A Comprehensive Guide to AAM: Chapter 6

January 13, 2022

What AAM Has Accomplished So FarWelcome back to CAAM’s Comprehensive Guide to AAM. In this last chapter of our six-part introductory guide, we’ll summarize both what we learned and what AAM and CAAM have accomplished so far.

So please fasten your seatbelts and return your tray table to its full upright and locked position; we’re ready to take off.

Chapter 6: What AAM has accomplished so far

Even though AAM is still a very young industry, all stakeholders have accomplished much, especially Academia and Industry.

Academia keeps creating new ideas to solve problems, batteries that last longer, quieter propellers, faster charges, etc. At the same time, the industry develops new technologies that turn theory into reality—BCIT has a whole section dedicated to RPAS (Remotely Piloted Aircraft System) education and training.

With Academia and Industry going hand in hand, we already have electric aircraft, eVTOLs quieter than airplanes and helicopters, batteries that last 2-3-hour flights, etc.

So even though AAM may seem like a very far away future, it’s closer than it looks. Some companies, like Hellijet, are working with the idea of having UAM as a reality in the next decade. The company’s deal with Blade Urban Air Mobility is one more step in this direction.

What has CAAM accomplished so far

Mainly, CAAM has started the conversation regarding AAM in Canada. But it didn’t start alone in a dark room; since day one, we had the National Research Council of Canada at our side, alongside 18 other founding partners—like University of British Columbia, BCIT, University of Toronto, Nexa Capital Partners, Crown Consulting Inc., KingSett Capital, Helijet International Inc., Iskwew Air, BC Ministry of Transportation, Translink, etc. And we keep growing! Today we have 60+ partners walking toward the future with us.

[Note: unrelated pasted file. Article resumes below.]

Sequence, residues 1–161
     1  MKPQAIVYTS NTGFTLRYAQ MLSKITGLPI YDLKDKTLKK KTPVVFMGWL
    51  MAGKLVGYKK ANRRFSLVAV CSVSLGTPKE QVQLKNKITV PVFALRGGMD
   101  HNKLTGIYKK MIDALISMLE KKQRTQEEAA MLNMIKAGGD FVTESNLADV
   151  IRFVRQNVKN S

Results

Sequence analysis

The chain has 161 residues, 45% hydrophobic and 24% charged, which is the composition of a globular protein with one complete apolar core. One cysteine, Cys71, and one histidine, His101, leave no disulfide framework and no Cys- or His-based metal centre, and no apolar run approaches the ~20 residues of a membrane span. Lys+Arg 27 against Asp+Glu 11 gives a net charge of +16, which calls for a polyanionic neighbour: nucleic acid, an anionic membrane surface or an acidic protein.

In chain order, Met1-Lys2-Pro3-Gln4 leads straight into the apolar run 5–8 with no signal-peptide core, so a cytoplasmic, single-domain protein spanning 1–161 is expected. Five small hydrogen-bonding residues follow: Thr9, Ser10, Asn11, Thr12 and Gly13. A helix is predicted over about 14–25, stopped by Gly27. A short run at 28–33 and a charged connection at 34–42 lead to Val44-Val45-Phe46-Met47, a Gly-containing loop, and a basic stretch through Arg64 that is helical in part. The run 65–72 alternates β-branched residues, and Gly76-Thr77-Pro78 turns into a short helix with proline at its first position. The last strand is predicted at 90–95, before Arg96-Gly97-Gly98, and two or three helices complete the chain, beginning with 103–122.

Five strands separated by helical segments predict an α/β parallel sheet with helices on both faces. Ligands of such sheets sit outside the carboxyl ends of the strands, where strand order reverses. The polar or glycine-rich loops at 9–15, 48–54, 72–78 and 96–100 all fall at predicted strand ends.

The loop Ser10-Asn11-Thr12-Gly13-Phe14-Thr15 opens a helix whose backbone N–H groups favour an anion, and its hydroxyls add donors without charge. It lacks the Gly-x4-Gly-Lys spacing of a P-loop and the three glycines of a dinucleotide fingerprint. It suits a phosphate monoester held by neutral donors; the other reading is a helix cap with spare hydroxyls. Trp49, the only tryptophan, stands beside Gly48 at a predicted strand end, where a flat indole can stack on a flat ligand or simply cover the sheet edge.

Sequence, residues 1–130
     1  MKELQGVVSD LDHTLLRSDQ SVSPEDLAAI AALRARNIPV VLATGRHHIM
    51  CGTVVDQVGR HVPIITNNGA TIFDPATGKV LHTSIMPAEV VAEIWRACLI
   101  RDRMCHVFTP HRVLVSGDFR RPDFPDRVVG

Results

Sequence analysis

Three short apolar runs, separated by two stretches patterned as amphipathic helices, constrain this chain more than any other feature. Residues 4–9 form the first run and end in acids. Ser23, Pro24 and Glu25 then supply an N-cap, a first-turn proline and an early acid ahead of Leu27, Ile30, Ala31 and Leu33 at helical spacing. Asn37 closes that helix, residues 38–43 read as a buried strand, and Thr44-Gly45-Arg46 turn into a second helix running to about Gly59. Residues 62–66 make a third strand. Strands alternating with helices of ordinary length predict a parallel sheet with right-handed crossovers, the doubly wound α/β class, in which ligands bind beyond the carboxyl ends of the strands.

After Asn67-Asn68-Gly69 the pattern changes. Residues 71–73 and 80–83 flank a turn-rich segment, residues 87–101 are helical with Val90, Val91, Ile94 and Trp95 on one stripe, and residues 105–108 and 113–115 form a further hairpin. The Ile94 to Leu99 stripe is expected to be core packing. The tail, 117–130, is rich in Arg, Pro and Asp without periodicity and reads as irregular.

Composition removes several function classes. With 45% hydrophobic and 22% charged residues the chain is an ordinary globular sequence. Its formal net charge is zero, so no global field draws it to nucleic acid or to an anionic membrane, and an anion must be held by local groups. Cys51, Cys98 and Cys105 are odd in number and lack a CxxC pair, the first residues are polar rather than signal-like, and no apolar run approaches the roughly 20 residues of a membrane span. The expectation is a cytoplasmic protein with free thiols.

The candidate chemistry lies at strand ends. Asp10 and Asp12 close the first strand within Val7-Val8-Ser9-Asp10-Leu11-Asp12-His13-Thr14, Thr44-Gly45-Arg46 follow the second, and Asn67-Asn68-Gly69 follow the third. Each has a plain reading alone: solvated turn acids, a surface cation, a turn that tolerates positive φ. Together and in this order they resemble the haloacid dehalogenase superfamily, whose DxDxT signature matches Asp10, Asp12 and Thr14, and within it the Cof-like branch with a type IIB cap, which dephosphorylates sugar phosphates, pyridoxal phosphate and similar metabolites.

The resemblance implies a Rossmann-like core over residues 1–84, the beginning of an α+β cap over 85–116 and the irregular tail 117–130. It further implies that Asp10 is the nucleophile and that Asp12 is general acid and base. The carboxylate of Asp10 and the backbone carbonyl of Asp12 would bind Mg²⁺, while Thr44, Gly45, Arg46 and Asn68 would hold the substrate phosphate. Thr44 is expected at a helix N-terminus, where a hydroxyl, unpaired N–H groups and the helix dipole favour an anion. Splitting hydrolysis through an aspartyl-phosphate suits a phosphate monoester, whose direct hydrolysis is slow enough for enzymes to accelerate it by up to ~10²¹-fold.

More importantly, because of all those great stakeholders trusting what we’re doing, we’re able to steer the conversation in the way of correcting past mistakes, making AAM in Canada equitable, inclusive, accessible, sustainable, and zero-emission.

We’re grateful that our hard work attracts international curiosity in what we’re doing in Canada. Our whitepapers (Vancouver and Toronto), Master Plan, and Triple Bottom Line Model are generating buzz and attracting stakeholders to walk this AAM path with us while catching the eyes of worldwide Academia, Capital, Industry, and Government to learn how CAAM is doing what we’re doing. And hopefully, we can help lift AAM not only in Canada but in the world.

So it’s safe to say that CAAM is leading the way for AAM in Canada while also helping to lead the way for AAM in the world.

Summarizing

AAM is still in its early chapters. But it’s important to realize that technology is advancing faster than we can accompany, and ten years pass in the blink of an eye.

Ten years ago, the Prime Minister of Canada was Stephen Harper. Riots broke out in Vancouver after the Canucks lost game 7 to the Boston Bruins, Adele’s Rolling in the deep was Billboard’s #1 single, and Apple released iPhone 4S.

Ten years pass in the blink of an eye, but it’s more than enough to change the world. That’s why CAAM is today laying the ground for the future. We’re starting conversations now to ensure that when AAM is a reality in ten years, it’s equitable, inclusive, accessible, sustainable, and zero-emission.

It may seem that CAAM didn’t accomplish much, but moving the needle a little every day goes a long way, especially when talking about technology, equity, sustainability, and climate change.

What’s next

That’s the end of this journey. But rest assured, that is many more to come. So follow CAAM’s social media for quick updates, and keep checking our website for more news and in-depth analysis of the AAM world.

And please, don’t forget to fasten your seatbelts and return your tray table to its full upright and locked position; we’re taking off.

By Giovani Izidorio Cesconetto

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